Mr. Adrian Radcliffe is a well-to-do Water, Sanitation and Hygiene (WaSH) UNICEF consultant and former UN employee (who has been earning hefty House Allowance). Many have wondered why he has been defaulting in paying rent for 33 years on the prime plot of land in Karen while living large and taking his kids to most expensive schools in Kenya. No question, a local Kenyan could never have gotten away with such selfish impunity.

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Review: Journal of Conflict Management and Sustainable Development, Vol. 9, No. 1

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The Journal of Conflict Management and Sustainable Development, Volume 9, Issue No. 1, which is edited by and published by Dr. Kariuki Muigua, PhD is out and stays true to the reputation of the journal in providing a platform for scholarly debate on thematic areas in the fields of Conflict Management and Sustainable Development. The current issue published in September 2022 covers diverse topics including Resolving Oil and Gas Disputes in Africa; National Environment Tribunal, Sustainable Development and Access to Justice in Kenya; Protection of Cultural Heritage During War; The Role of Water in the attainment of Sustainable Development in Kenya; Property Rights in Human Biological Materials in Kenya; Nurturing our Wetlands for Biodiversity Conservation; Investor-State Dispute Resolution in a Fast-Paced World; Status of Participation of Women in Mediation; Business of Climate Change and Critical Analysis of World Trade Organization’s Most-Favored Nation (MFN) Treatment.

Dr. Wilfred A. Mutubwa and Eunice Njeri Ng’ang’a in “Resolving Oil and Gas Disputes in an Integrating Africa: An Appraisal of the Role of Regional Arbitration Centres” explore the nature of disputes in the realm of oil and gas in Africa taking a look into the recent continental and sub-regional developments in a bid to establish regional integration. Additionally, it tests the limits of intra-African trade and dispute resolution and the imperatives for the African regional courts and arbitration centres. In “National Environment Tribunal, Sustainable Development and Access to Justice in Kenya,” Dr. Kariuki Muigua discusses the role played by the National Environment Tribunal (NET) in promoting access to justice and enhancing the principles of sustainable development in Kenya. The paper also highlights challenges facing the tribunal and proposes recommendations towards enhancing the effectiveness of the tribunal.

Dr. Kenneth Wyne Mutuma in “Protecting Cultural Heritage in Times of War: A Case for History,” argues that cultural heritage is at the heart of human existence and its preservation even in times of war is sacrosanct. It concludes that it is thus critical for states to take positive and tangible steps to ensure environmental conservation and protection during war within the ambit of the existing international legal framework. In “The Role of Water in the attainment of Sustainable Development in Kenya,” Jack Shivugu critically evaluates the role of water in the attainment of sustainable development in Kenya and argues water plays a critical role in the attainment of the sustainable development goals both in Kenya and at the global stage. The paper interrogates some of the water and Sustainable Development concerns in Kenya including water pollution, water scarcity and climate change and suggests practical ways to enhance the role of water in the Sustainable Development agenda.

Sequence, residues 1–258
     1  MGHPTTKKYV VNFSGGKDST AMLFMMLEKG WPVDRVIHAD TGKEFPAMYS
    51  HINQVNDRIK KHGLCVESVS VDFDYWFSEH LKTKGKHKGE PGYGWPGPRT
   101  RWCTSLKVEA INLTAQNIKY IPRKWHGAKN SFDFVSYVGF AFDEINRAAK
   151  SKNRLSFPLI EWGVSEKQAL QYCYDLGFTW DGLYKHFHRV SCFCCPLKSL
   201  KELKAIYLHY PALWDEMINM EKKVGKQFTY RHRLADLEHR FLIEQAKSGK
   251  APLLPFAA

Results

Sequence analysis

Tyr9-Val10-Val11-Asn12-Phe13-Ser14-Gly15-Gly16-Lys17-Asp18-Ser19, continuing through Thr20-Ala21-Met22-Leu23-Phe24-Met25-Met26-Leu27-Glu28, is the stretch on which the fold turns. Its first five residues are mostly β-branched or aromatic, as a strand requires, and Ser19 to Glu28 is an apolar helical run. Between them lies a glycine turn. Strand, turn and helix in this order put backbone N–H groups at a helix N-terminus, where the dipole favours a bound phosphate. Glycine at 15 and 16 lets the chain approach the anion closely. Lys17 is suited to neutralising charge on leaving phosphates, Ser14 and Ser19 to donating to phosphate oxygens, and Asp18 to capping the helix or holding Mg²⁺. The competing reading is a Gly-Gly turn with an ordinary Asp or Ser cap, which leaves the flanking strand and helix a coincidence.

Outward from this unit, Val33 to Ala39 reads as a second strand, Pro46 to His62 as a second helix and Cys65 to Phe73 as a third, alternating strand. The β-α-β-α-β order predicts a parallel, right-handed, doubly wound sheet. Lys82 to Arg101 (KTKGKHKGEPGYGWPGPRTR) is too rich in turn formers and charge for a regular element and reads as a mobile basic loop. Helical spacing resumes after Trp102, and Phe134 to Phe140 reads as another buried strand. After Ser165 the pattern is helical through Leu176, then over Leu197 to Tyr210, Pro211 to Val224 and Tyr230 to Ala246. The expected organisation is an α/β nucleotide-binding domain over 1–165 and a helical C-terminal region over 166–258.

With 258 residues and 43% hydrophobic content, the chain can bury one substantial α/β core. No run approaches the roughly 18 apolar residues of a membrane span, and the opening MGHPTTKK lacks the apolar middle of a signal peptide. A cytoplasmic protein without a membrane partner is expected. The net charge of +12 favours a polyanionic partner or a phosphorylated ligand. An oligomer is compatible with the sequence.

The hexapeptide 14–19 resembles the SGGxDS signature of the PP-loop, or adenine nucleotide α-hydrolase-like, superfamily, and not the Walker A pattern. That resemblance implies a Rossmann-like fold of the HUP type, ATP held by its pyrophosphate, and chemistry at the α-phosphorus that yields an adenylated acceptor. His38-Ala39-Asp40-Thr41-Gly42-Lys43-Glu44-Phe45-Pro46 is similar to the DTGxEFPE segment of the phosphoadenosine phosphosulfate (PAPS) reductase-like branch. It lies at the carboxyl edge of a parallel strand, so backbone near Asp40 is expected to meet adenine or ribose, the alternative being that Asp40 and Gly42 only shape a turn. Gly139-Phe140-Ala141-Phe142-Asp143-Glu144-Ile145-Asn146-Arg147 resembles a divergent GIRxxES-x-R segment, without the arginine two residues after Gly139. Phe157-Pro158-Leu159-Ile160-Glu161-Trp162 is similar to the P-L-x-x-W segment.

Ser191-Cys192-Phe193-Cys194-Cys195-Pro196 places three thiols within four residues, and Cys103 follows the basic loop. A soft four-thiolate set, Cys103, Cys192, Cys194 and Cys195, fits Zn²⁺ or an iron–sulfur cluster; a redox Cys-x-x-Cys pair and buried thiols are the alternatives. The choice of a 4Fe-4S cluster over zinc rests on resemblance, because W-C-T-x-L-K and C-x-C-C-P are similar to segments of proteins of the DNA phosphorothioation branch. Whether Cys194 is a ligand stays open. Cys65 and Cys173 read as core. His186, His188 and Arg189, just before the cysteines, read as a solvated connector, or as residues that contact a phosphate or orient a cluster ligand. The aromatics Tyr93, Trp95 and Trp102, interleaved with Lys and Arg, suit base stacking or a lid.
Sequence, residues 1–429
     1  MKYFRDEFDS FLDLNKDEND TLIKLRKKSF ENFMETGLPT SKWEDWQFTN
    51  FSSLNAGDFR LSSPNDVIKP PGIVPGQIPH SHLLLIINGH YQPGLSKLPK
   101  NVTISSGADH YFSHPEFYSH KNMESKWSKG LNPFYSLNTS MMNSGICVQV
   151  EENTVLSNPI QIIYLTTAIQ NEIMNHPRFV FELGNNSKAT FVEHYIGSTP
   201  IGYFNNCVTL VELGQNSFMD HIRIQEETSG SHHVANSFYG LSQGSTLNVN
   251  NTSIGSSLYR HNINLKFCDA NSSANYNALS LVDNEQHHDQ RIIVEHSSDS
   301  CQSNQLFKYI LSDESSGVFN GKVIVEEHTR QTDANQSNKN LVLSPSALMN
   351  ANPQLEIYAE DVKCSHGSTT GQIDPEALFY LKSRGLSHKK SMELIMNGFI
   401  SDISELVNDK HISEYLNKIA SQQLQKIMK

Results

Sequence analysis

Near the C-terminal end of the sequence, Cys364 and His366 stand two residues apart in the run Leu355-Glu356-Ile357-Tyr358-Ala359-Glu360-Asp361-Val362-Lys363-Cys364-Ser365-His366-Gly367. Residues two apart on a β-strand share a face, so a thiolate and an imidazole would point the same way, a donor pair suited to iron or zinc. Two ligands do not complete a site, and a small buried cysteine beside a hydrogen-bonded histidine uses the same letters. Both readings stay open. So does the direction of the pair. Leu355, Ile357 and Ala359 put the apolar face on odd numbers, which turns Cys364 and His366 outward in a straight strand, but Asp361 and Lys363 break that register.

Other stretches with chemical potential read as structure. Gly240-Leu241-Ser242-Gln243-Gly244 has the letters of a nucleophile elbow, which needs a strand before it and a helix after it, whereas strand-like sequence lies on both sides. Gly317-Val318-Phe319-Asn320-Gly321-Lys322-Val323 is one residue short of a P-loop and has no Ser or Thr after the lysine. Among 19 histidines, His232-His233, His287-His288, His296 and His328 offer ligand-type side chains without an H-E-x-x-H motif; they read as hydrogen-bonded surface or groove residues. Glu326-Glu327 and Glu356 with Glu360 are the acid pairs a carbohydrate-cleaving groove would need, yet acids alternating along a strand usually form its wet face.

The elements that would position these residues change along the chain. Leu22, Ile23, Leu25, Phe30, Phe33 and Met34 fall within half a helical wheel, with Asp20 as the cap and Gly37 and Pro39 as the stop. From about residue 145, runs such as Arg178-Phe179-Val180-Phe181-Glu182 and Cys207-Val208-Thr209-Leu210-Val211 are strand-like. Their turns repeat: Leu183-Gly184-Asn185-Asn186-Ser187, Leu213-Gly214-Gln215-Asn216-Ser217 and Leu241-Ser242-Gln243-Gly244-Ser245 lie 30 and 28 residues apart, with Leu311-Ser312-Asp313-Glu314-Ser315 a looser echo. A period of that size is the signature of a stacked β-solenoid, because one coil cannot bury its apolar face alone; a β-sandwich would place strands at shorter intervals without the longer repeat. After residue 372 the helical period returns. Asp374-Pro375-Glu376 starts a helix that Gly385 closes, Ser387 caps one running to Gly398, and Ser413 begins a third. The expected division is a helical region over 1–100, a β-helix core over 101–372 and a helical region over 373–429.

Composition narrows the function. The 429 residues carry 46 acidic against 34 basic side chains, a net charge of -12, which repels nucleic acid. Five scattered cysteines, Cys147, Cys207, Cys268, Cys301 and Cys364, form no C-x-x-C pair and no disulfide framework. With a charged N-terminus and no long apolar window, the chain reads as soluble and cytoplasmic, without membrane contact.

Dr. Paul Ogendi in “Collective Property Rights in Human Biological Materials in Kenya,” reflects on property rights in relation to human biological materials obtained from research participants participating in genomic research. He argues that property rights are crucial in genomic research because they can help avoid exploitation or abuse of such precious material by researchers. In “Nurturing our Wetlands for Biodiversity Conservation,” Dr. Kariuki Muigua notes that Wetlands have a vital role in not just delivering ecological services to meet human needs, but also in biodiversity conservation. Wetlands are vital habitat sites for many species and a source of water, both of which contribute to biodiversity protection. The paper examines the role of wetlands in biodiversity conservation and how these wetland resources might be managed to improve biodiversity conservation.

Oseko Louis D. Obure in “Investor-State Dispute Resolution in a Fast-Paced World,” preponderance of disputes between States or States and Investors created need for a robust, effective, and efficient mechanisms not only for the resolution of these disputes but also their prevention. He notes that developing states lead in being parties to Investor-State Disputes (ISD) particularly as respondents. He proceeds to conceptualize and problematize investor-state disputes resolution in a fast-paced world. Lilian N.S. Kong’ani and Dr. Kariuki Muigua in “Status of Participation of Women in Mediation: A case Study of Development Project Conflict in Olkaria IV, Kenya” review the status of participation of women in mediation to resolve conflicts between KenGen and the community. The paper demonstrates a need for further democratization of the mediation processes to cater for more participation of women to enhance the mediation results and offer more sustainable resolutions.

Felix Otieno Odhiambo and Melinda Lorenda Mueni in “The Business of Climate Change: An Analysis of Carbon Trading in Kenya analyses the business of carbon trading in the context of Kenya’s legal framework. The article examines the legal framework that underpins climate change into the Kenyan legal system and provides an exposition of the concept of carbon trading and its various forms. Michael Okello, in “Critical Analysis of World Trade Organisation’s Most-Favored Nation (MFN) Treatment: Prospects, Challenges and Emerging Trends in the 21st Century,” highlights the rationale behind MFN treatment and also restates the vision of multilateral trade to achieve equitable and special interventions with respect to trade in goods, services and trade related intellectual property rights in the affected states.